Three provisions collectively form the basis of liability under FMLA. Two subsections of 29 U.S.C. § 2615(a), entitled "Interference with [FMLA] rights," state:
(1) Exercise of rights
It shall be unlawful for any employer to interfere with, restrain, or deny the exercise of or the attempt to exercise, any right provided under this subchapter.
It shall be unlawful for any employer to discharge or in any other manner discriminate against any individual for opposing any practice made unlawful by this subchapter.
Further, employers are prohibited from "discriminating against employees or prospective employees who have used FMLA leave." 29 C.F.R. § 825.220(c). Retaliation claims, such as the one set forth in this instance, arise under on § 825.220(c). Erdman v. Nationwide Ins. Co., 582 F.3d 500, 508 (3d Cir. 2009).
A. Interference With Rights Under the FMLA
Interference claims are based on the FMLA regulations which explain that an employer interferes with the employee‟s rights by refusing to authorize FMLA leave or discouraging an employee from using such leave. 29 C.F.R. § 825.220(b); see also 29 U.S.C. § 2615(a)(1). In order to assert a claim of interference, an employee must show that she was entitled to benefits under the FMLA and that her employer illegitimately prevented her from obtaining those benefits. See Sarnowski v. Air Brooke Limousine, Inc., 510 F.3d 398, 401 (3d Cir. 2007); Callison v. City of Philadelphia, 430 F.3d 117, 119 (3d Cir. 2005). A plaintiff need not, however, establish that she was treated differently than others and, unlike a case in which the plaintiff is pursuing a claim for discriminatory retaliation, the defendant cannot escape liability by providing a "legitimate business purpose" for the decision. Callison v. City of Philadelphia, 430 F.3d at 120 ("An interference action is not about discrimination, it is only about whether the employer provided the employee with the entitlements guaranteed by the FMLA.")
In this instance, it is undisputed that Lupyan received all of the leave she was entitled to under the FMLA. Lupyan‟s FMLA leave began on or about December 4, 2007, and officially expired on February 26, 2008. Lupyan first informed CCI of her release to return to work on or about March 13, 2008, approximately fourteen (14) weeks after she initiated her leave in December. CCI construed the release as one with restrictions and advised Lupyan she could not return to work with restrictions. Lupyan provided a release to return to work without restrictions at a meeting with CCI on April 9, 2008, the day she was terminated. At the time of her termination, Lupyan had used approximately eighteen (18) weeks of leave. CCI contends that Lupyan‟s health benefits were continued during the twelve week FMLA period, see Hixson Aff.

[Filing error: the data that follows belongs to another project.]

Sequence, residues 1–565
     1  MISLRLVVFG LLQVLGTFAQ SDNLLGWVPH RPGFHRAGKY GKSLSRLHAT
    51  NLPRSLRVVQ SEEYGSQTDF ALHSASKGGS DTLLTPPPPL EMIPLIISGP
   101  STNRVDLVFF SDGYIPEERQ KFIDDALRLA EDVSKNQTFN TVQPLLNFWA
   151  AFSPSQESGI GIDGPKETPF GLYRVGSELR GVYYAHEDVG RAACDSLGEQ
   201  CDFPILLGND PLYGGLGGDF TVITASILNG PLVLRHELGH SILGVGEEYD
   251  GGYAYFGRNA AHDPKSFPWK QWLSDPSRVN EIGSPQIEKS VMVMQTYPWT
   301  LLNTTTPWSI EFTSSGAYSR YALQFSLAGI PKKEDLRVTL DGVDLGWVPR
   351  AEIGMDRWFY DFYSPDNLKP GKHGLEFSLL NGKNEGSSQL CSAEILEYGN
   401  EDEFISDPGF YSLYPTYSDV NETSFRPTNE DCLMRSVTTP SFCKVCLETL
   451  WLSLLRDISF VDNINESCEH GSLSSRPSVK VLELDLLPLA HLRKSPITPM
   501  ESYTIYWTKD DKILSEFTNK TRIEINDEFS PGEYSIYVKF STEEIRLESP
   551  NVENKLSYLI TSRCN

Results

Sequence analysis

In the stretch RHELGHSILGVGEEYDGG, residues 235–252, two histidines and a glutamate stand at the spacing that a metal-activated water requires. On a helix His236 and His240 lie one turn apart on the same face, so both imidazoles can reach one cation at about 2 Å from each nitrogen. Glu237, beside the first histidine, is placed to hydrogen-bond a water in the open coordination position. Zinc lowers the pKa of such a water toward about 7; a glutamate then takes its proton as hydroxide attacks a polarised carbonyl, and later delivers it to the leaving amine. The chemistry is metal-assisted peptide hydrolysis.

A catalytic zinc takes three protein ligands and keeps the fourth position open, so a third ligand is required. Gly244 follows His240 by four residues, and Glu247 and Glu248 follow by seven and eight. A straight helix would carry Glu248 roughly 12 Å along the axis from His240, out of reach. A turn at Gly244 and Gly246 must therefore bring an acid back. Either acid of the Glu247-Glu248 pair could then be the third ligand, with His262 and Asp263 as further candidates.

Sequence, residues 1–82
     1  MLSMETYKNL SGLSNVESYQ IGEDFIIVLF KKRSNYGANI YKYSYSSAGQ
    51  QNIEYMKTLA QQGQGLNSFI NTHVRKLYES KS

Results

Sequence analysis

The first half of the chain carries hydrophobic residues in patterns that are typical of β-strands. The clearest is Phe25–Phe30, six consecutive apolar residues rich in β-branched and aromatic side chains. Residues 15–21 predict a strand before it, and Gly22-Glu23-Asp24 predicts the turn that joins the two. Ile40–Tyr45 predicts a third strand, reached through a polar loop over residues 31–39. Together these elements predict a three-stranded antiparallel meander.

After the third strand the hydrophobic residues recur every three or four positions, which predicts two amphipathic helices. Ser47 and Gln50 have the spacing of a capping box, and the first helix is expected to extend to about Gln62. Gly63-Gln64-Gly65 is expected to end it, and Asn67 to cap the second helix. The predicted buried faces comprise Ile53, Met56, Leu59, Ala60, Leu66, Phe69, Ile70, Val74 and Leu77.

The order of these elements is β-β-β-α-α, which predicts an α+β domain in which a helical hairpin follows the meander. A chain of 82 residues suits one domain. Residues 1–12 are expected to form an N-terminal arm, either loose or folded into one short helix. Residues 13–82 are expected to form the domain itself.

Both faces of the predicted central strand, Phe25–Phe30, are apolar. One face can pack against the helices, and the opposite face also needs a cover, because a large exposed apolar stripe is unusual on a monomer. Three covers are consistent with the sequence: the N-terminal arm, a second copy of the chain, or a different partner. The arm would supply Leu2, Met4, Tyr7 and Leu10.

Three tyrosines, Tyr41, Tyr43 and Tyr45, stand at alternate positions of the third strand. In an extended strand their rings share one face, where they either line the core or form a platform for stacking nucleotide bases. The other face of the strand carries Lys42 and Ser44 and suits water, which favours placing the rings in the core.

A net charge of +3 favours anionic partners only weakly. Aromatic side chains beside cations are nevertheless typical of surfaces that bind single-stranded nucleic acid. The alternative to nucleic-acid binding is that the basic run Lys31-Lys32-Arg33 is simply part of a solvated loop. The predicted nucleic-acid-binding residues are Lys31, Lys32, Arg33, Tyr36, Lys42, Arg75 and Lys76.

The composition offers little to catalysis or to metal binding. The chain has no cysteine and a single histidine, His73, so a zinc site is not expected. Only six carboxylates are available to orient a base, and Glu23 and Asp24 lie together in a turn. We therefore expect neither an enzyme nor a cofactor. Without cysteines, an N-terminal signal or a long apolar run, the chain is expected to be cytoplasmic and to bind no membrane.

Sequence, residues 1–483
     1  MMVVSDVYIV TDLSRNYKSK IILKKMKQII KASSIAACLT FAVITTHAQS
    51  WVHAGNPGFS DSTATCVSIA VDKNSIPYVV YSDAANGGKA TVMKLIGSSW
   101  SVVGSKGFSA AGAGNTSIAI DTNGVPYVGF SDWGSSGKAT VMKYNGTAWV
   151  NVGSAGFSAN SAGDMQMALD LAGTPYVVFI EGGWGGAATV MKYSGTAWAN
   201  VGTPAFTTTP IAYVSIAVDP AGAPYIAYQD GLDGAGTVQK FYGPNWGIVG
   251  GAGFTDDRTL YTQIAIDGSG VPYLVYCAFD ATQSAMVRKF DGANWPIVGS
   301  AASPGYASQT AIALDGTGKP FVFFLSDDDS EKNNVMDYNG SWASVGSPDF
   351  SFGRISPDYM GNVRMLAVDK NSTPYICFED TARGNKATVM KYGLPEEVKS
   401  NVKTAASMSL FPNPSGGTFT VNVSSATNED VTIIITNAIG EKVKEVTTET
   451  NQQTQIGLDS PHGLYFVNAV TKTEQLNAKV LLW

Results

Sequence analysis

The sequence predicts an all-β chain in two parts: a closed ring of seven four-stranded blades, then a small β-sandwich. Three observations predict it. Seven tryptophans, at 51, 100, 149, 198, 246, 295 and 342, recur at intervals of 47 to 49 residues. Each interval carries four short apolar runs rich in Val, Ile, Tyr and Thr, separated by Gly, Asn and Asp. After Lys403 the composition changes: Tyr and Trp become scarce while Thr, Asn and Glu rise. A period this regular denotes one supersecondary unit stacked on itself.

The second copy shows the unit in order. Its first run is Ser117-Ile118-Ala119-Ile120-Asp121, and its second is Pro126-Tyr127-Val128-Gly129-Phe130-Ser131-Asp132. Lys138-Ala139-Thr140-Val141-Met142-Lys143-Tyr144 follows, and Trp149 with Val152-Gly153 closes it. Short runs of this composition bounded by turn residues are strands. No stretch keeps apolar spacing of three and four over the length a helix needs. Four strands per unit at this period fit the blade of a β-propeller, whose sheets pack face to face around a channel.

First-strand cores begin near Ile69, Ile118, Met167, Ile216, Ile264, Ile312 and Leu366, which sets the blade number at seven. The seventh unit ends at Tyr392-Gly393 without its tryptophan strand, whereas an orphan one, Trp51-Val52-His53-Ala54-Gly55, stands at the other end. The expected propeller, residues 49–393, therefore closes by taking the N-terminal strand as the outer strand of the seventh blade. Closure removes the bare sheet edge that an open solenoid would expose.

¶ 16, but there is no evidence that Lupyan‟s health benefits were discontinued at the end of such twelve week period. Because CCI provided Lupyan with the leave she was entitled to under the FMLA, this Court cannot find that CCI interfered with her rights by refusing to authorize FMLA leave. See e.g. Moticka v. Weck Closure Sys., 183 Fed. Appx. 343, 2006 U.S. App. LEXIS 13443 (4th Cir. May 31, 2006) (per curiam) (unpublished) (holding that the employer did not violate the employee's rights under the FMLA when it provided the plaintiff with thirty-four weeks of FMLA leave).
Lupyan argues, however, that CCI interfered with her rights under the FMLA by failing to provide her with the information necessary to make an informed decision about her leave, which resulted in the termination of her employment. Specifically, Lupyan contends that her rights under the FMLA were never discussed during her meeting with Hixson to change the Request for Leave Form, and she never received the December 18, 2007, letter CCI allegedly sent to inform her of her FMLA leave.
An employer‟s failure to advise an employee of her right to FMLA leave constitutes interference in violation of § 2615(a)(1). See Conoshenti v. Public Serv. Elec. & Gas Co., 364 F.3d 135, 144-145 (3d Cir. 2004). Advisement of FMLA rights is necessary "to ensure that employers allow their employees to make informed decisions about leave" and to allow employees to plan their medical absence in such a way as to ensure protection under the FMLA. Id. at 144 (citing Nusbaum v. CB Richard Ellis, Inc., 171 F.Supp.2d 377, 379-80 (D.N.J. 2001)). A plaintiff asserting a failure to advise claim must also prove prejudice by showing that had she been properly informed of her FMLA rights, she could have structured her leave differently. Id. at 145-146; see also Capilli v. Whitesell Constr. Co., 271 Fed. Appx. 261, 267 (3d Cir. 2008).
As an initial matter, CCI was not required to designate Lupyan‟s leave under the FMLA for it to count toward the twelve (12) weeks permitted under the statute. See Ragsdale v. Wolverine World Wide, Inc., 535 U.S. 81, 88-89 (2002)*fn3 . Nonetheless, the Court finds that CCI provided adequate notice that Lupyan‟s leave was to be FMLA leave and that Lupyan knew or should have known she was entitled to twelve (12) weeks.